Secondary characters: I loved his two friends, the Colonel Fane and Mr. Kit Durham. Loved her blind father, John Timms. Vivid scenes with Larkin "the ape" and Calvin (both butlers) are named Calvin, his Aunt Vesta (Lady DeMarly), his nasty brothers-in-law, and Quaker, Richard Gill (the mule). They all seemed credible.

Epilogue: Set 11 months later, celebrating Christmas at the castle. Revelry, babies, dogs, and fireside spirits.

Quibbles: I really felt cheated -- wanted to see all his tormentors suffer. Insufficient and vague punishment got just a passing reference. Why was his family invited to Christmas? Bah humbug! Maddy got annoyingly stubborn at times, and I really wish it had a longer HEA epilogue, to offset all the challenges Maddy and Christian had to overcome. As for the Quaker meeting, great "truth" scene, yet I wanted Maddy to show more decisiveness at the end. But she had several bricks dropped on her head, smashing trust. And -- ugh -- congregations can be so scary.
Profile Image for Felicia.
Author 47 books128k followers
January 12, 2010
I did NOT want to read this book, I mean, a Quaker chick?! A dude who can't speak?! Bleck!

Well, this is a hot mess of awesome, everything but the kitchen sink is thrown into this dense plot, but in a GOOD way! Characters are great, plot very taunt and gripping (not talking about the sex scenes either, HAR HAR ;) ) I enjoyed it thoroughly and have several other books by the author on my Kindle, including Shadow and the Star, a Victorian romance where the guy is a child prostitution survivor and a Hawaiian ninja. Yes, serious.
Profile Image for Merry .
580 reviews54 followers
March 25, 2022
Ok....this is a hard one to review. I listened to the Audiobook and the reader is FANTASTIC! Coming at it from Maddie-girls viewpoint is that she is raised in a setting of pious religiousness, and this is often discounted by the Duke and his friends. I enjoyed her character at the beginning but found she did kinda wear on my last nerve throughout the book. She tried to stay true to her beliefs but these were manipulated throughout the book.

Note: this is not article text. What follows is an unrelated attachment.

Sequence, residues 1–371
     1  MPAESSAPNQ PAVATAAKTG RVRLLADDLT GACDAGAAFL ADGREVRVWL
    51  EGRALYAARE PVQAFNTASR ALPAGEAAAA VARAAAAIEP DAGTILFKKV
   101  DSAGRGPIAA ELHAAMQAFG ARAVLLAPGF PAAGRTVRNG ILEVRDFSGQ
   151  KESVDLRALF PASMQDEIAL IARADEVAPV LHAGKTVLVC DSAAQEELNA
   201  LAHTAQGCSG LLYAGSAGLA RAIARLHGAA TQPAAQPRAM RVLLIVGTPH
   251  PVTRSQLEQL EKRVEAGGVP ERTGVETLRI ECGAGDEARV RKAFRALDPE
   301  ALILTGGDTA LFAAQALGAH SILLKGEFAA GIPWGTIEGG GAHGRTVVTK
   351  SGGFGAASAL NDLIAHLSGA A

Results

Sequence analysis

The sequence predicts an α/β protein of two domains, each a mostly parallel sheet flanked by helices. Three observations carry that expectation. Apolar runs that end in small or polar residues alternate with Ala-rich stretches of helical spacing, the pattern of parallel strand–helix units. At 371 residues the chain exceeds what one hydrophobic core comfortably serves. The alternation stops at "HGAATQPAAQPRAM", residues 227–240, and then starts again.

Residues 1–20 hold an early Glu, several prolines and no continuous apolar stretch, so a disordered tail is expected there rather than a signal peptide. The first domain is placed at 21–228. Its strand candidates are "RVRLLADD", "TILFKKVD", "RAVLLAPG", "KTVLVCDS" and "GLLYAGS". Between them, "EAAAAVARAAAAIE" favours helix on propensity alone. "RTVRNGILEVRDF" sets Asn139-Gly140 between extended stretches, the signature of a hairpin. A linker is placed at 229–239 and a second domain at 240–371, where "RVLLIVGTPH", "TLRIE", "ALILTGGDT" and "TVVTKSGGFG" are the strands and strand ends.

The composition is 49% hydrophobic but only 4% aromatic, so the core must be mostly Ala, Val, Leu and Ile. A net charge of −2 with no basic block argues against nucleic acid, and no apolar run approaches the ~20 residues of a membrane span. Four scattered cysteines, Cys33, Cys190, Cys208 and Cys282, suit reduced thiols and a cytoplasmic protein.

Now let me say I adored the character of the Duke and the way the reader voiced his character. I felt his moods. I ached with his frustrations and fears. Would I reread it no. Am I glad I read it yes. It is a really good book that delt with TBI at a time where you were locked up (even though actually the one the Duke was in was better than Bedlam).
Profile Image for NMmomof4.
1,517 reviews3,772 followers
April 4, 2021
3.5 Stars

Overall Opinion: I really don’t know how to rate this one tbh. I was fully engaged and I appreciated the uniqueness of the storyline. I even was telling my husband all about it and was doing research because I had thought the Quakers originated in the States. So that aspect and even the H’s issues with cognition and how he ended up relying on the h to re-learn to communicate and appear competent to keep his title were all really enjoyable for me. I even liked their alone time and how they connected. I just felt like it was muddled up with too much other stuff (and drama) to where the H wasn’t being portrayed as the greatest and the h was pushing away — and that wasn’t all that enjoyable. I’m going to go with 3.5 stars with this being more than “just okay” but I’m still unsure if that is a good representation of how I feel about this one...

Brief Summary of the Storyline: This is Maddy and Christian’s story. Maddy helps her father with his dictation since he has lost his sight and he is currently working on a big project with the Duke, Christian. While their worlds are very different due to Maddy and her father being Quakers, they bond over a shared love of mathematics. When Maddy and her father are in need of new positions after the Duke’s unexpected death, they are shocked to find that he is not only alive, but a patient in their cousin’s asylum and not the same man they knew. There are some twists and turns with the Duke’s condition, a marriage of convenience, some religious conflicts, and some sweet scenes...and they get a HEA ending.

Point Of View (POV): This alternated between focusing on Mandy and Christian in 3rd person narrative.

Overall Pace of Story: Alright. This took me a while to read but I felt like I was always engaged and I never skimmed.

Instalove: No, they take a while to develop stronger feelings.

H (Hero) rating: 3.5 stars. Christian. I liked him and felt for him but I didn’t like how he sometimes was rough or inconsiderate with the h.

h (heroine) rating: 4 stars. Mandy. I liked her. I appreciated her strength but I also wish she wasn’t so wishy-washy about her own feelings at times.

Sadness level: Moderate. I teared up but never needed any tissues.

Push/Pull: Yes

Heat level: Alright. They have some tension, chemistry, and scenes -- but not so much it takes away from the story.

Descriptive sex: Yes

OW (Other Woman)/OM (Other Man) drama: Yes

Sex scene with OW or OM: No

Cheating: No

Separation: Yes

Possible Triggers: Yes

Closure: This ends with some pretty good closure but, of course, I wanted much more. I would still call it a HEA

Safety: This one is probably either Safe with exception or Not Safe for most safety gang readers depending on personal preferences
Profile Image for Sher❤ The Fabulous BookLover.
865 reviews556 followers
October 24, 2020
5 Maddygirl Stars!!!!!!